Where do you think your feelings come from?

I had my most random trip ever couple days ago. With a friend of mine, we booked a flight ticket to San Andres island two hours before departure, and ran to the airport to catch the flight. Which we accomplished successfully and had an amazing adventure for 3 days there.

I recorded a video blog on a subject which inevitably comes up in my coaching conversations with people, as once a person gets a deeper insight into this their whole reality changes.

So I wanted to cover this in a video, which I haven’t done before yet. Usually I love having this conversation with a person / group of people, and go deeper until they start to get it, but I’m experimenting now with putting this into writing and video on my site.


Whenever I start working with a person I ask myself the question: “Does this person know where his feelings come from?”

The reason I ask that question is because so many times we get caught up in frustration or suffering about some situations in our lives. Things happen in our lives, and we have feelings. Our brain links them together.

I feel angry/sad/frustrated/depressed or joyful/happy/safe because of this situation.

Someone might say

  • “I am so stressed and frustrated because of this traffic jam.”
  • “I am angry and frustrated because I lost in the poker session.”
  • “I feel frustrated because the variance is against me.”
  • “I feel pissed because that person said that to me.”
  • and so on..

We have a certain feeling inside us, and we link it to a situation/event outside.

But our feelings just show what kind of thinking we have in the moment.

If we feel stressed and frustrated, that means we have stressful and frustrating thoughts in our mind that seem real.

If we are angry, we have angry thoughts.

If we are happy, we have happy thoughts.

Our mind might look like a camera, taking a snapshot of the situation out there, and then that’s what we feel.

However our mind is more like a projector. It projects out our thoughts in the moment, and colors the reality, and then that’s the reality we experience. Either happy or sad.

Just like in a cinema. There is the canvas, and the movie is projected onto it, and when you are lost in the movie you experience it fully, you feel an emotional roller coaster. But it is just projected onto a white canvas.



Similar to life. Imagine everything as neutral, a white canvas. And our mind colors that canvas, and paints our own personal reality.

That’s why the same situation can happen to two people and they experience it totally differently. Even the same person can experience the same situation differently at times.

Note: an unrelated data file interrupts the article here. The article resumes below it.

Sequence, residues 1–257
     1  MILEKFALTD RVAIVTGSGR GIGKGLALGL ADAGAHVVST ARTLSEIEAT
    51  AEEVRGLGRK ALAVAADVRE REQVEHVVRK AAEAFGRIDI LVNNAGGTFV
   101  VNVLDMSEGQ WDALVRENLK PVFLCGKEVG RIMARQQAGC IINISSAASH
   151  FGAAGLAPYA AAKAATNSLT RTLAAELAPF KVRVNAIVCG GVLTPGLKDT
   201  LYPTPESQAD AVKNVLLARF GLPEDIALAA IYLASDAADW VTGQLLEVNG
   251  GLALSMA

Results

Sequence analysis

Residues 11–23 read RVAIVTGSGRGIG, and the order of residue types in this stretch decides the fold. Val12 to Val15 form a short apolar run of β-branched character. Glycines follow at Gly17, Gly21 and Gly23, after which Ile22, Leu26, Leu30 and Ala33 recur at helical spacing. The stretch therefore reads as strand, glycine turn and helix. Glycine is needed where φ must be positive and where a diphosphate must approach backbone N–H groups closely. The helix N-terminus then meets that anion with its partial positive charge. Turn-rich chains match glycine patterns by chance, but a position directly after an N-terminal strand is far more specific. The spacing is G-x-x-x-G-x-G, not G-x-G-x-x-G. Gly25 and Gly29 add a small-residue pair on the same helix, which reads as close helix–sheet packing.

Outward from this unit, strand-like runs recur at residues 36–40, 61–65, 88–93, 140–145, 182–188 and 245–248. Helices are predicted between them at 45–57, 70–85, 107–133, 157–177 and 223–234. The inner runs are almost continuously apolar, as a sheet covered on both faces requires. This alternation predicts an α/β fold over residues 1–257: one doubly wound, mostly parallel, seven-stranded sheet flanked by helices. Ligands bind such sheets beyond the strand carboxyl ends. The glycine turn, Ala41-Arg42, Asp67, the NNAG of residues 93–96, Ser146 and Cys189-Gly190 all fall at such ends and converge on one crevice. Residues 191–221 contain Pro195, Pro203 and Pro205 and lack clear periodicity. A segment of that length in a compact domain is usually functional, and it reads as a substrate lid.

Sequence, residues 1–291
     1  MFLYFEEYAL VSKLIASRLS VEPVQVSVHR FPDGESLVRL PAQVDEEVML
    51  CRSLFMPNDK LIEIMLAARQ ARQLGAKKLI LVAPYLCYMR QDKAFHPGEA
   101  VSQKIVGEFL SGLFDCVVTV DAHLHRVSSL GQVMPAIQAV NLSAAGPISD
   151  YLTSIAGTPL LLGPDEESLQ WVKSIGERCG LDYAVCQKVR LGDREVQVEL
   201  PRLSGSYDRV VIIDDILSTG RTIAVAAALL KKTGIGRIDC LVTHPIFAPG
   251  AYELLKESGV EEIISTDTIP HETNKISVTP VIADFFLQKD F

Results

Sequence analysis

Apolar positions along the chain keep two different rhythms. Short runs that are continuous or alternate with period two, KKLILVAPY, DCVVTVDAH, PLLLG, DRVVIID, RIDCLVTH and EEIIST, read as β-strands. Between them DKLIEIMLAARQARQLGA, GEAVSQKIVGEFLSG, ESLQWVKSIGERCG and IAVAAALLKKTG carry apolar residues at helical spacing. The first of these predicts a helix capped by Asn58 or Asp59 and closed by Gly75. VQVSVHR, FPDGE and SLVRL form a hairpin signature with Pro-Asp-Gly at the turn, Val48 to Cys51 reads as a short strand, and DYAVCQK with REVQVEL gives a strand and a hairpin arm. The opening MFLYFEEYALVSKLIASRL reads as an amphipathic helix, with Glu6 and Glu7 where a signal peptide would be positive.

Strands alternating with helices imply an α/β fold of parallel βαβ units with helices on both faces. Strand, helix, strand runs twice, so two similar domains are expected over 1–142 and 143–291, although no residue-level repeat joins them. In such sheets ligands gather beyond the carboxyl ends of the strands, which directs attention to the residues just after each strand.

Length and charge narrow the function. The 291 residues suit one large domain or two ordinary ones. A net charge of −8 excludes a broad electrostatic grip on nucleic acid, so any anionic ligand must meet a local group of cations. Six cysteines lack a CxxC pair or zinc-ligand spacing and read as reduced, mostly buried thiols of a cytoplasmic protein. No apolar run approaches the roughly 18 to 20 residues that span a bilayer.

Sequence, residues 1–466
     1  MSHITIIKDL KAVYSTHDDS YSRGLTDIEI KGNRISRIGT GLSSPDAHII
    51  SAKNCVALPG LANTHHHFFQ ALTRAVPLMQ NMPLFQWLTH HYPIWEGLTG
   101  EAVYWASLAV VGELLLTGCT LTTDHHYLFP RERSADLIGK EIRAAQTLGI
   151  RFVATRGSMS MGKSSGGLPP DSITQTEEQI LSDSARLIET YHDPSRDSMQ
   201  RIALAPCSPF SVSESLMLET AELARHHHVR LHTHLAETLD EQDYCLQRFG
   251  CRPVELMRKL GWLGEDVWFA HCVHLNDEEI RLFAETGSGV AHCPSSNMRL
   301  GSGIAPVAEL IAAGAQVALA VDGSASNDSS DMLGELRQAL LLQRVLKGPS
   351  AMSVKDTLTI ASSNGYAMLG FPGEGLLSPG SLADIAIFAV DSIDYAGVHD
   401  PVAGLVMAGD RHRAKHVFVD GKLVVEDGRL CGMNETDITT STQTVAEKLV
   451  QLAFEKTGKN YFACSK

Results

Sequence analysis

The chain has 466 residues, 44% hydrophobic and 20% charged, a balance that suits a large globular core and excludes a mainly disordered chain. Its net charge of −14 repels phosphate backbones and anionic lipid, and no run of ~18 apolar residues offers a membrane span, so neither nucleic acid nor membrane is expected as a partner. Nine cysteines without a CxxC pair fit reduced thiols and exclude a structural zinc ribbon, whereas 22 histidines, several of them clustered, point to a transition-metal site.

Has it ever happened to you that you had a losing session and you felt pissed, and devastated?

And an other time you had a losing session and felt calm, positive, even upbeat?

Maybe you thought you played well, and you were proud of yourself, even if you lost in the session.

Because things don’t have the power to cause us to feel a certain way. Cars in a traffic jam don’t have the power to make us feel angry and pissed. Numbers on a computer showing the result of a session, which are just pixels, don’t have the power to cause us a certain way.

Think about it for a moment. Nothing out there has the power to make you feel certain feelings.

100% of our feelings come from thought in the moment.

That’s the difference between the inside-out vs. the outside-in understanding.


From an outside-in paradigm it looks like ‘my feelings come from things other than thought in the moment (events, situations, circumstance…)’

And that’s a misunderstanding. It was never true, no matter how much it looks like at times.

From an inside-out paradigm we see that ‘100% of my feelings come from thought in the moment.’ My experience in life happens from within.

The more we see that our thinking changes naturally, and so do our feelings, the less we try to manage our outer circumstances, or our thinking/feeling state (when someone gets into self-help). We realize that we are feeling thought in the moment, and we don’t have to change it, fight it, control it. It naturally changes, comes and goes, like clouds in the sky.

We don’t have to think positive thoughts, and get rid of negative thoughts. We just see them as thoughts.

Our experience of life can become more fluid. If we understand and see that our suffering in the moment is not coming from the situation or my circumstances or a potential future, but is coming from our thinking in the moment that seems real, we can wake up easier from that illusion, and get back to our default well-being.

That’s our default nature, we are well. And we just think ourselves out from that innate well-being, which we were born with.


When our mind quiets down, we naturally return to that state of clarity. We feel more secure, peaceful, and well. We access more of our innate wisdom, and the right action to take can appear to us.

So let these ideas settle down within you, and see what comes up for you.

Feel free to share your insights, and comments below.

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